Keys to the Game: LSU vs. Alabama

ALABAMA WILL WIN IF…

It doesn’t allow LSU to hit big plays: This isn’t the same ground-and-pound, three-yards-and-a-cloud-of-dust offense Nick Saban and Co. have schemed against in recent years. Under Ed Orgeron, 11 of LSU’s 17 touchdowns have come from 20+ yards out. In LSU’s last two games, eight of 11 touchdown drives took three plays or fewer to reach the end zone. Big plays have been a bugaboo for the Tide in losses in previous years, so it must force LSU’s offense to prove it can sustain drives and go the length of the field to score.
The Streak lives to see another day: Alabama has won 20 consecutive assignments overall and taken five straight against LSU, but neither of those lofty metrics constitute the most eye-popping streak the Tide are riding at this moment. Alabama has scored a non-offensive touchdown in 10 consecutive games dating back to last season’s College Football Playoff, including 12 through the first eight games of this season. More than anything, that statistic sums up what makes defeating the Tide such a daunting task. They’re not unbeatable, but make a mistake and they’ll break your back in an instant.

LSU WILL WIN IF…
The offense can avoid third and longs: LSU isn’t as predictable offensively as the unit that got manhandled in Tuscaloosa a year ago, but if the Tide can force the Tigers into third-and-longs and other obvious passing situations, the result will be much the same. Alabama’s pass rush leads the nation in total sacks (32), sacks per game (4.0) and sack yardage (278). LSU’s offensive line has played better of late and spent the bye week getting healthier, but it won’t be enough if LSU spends Saturday night consistently playing from behind the chains.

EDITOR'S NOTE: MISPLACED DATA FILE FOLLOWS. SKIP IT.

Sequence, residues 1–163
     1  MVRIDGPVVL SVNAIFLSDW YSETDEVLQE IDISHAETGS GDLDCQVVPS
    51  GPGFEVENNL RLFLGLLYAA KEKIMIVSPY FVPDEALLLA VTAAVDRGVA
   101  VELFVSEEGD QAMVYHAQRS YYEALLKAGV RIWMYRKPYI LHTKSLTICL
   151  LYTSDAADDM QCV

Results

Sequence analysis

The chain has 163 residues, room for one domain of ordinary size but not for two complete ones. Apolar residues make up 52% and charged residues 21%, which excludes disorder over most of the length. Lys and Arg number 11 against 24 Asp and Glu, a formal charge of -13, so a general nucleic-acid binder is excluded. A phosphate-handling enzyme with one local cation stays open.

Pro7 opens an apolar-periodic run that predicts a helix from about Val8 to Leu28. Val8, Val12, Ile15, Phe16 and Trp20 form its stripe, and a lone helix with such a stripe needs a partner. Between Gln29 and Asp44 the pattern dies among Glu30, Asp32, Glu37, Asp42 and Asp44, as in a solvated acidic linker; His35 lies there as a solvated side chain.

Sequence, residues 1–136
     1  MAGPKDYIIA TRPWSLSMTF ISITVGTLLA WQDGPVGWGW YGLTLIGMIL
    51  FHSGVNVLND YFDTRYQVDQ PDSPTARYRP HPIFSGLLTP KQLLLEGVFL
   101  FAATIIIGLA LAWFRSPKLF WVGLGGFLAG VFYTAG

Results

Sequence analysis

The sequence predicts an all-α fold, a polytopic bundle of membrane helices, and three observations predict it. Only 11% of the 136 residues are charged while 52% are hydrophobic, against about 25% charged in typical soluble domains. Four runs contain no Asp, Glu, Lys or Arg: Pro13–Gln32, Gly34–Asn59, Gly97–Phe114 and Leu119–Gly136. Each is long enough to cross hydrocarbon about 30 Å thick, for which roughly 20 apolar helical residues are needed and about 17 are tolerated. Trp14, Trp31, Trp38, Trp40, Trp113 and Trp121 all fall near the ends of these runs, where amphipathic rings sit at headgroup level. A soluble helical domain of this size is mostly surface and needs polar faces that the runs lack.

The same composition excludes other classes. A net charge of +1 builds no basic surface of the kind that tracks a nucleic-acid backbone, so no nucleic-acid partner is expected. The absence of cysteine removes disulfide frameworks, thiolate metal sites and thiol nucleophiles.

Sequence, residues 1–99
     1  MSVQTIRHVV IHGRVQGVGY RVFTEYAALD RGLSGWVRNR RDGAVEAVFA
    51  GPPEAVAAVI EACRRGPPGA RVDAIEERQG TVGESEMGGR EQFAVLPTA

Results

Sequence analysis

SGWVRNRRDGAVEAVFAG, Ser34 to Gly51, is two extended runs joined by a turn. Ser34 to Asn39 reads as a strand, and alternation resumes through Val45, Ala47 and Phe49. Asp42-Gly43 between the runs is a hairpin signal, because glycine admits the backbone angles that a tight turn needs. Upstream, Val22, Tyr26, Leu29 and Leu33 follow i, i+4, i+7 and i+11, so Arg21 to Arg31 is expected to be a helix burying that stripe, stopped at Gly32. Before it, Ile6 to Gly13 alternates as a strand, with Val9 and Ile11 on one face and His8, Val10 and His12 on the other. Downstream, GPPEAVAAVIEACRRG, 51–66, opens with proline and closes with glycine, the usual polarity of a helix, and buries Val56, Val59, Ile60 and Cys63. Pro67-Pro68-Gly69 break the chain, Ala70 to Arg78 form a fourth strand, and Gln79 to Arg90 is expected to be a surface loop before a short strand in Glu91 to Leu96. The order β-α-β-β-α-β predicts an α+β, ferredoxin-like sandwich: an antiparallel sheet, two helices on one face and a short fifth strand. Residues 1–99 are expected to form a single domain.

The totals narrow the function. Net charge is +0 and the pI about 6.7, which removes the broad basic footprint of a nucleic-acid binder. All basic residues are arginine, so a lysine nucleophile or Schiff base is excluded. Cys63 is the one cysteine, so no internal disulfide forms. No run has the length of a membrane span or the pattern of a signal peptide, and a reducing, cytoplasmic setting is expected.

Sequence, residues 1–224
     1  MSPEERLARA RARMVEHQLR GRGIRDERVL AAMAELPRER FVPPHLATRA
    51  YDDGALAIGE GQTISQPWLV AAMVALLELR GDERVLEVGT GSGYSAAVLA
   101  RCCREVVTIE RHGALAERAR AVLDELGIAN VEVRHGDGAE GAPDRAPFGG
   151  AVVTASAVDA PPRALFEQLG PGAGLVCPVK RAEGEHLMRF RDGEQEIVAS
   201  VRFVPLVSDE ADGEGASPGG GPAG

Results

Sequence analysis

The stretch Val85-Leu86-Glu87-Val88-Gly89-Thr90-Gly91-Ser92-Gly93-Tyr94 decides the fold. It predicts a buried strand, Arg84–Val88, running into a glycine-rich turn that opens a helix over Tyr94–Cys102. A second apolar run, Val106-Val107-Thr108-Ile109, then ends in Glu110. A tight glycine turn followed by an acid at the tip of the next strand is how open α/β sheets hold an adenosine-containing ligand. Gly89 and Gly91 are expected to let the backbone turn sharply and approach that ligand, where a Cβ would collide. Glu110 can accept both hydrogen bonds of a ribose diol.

Dave Aranda can force Jalen Hurts into some rookie mistakes: For as good as Alabama’s freshman quarterback has been — and with 20 total touchdowns so far, he’s been pretty good — there’s something to be said for the difficulty of playing in Tiger Stadium on a Saturday night. Offensive coordinator Lane Kiffin hasn’t eased off the accelerator with Hurts on the road up to this point, and Aranda, who orchestrated a second-half shutout of Chad Kelly last time out, has had two weeks to scheme up some looks to confuse a green quarterback. Takeaways help spring upsets.

About James Moran 1377 Articles
James Moran was Editor of Tiger Rag from August 2018 to October 2019. He previously served as the associate editor since 2014. He is a graduate of the LSU Manship School of Journalism.

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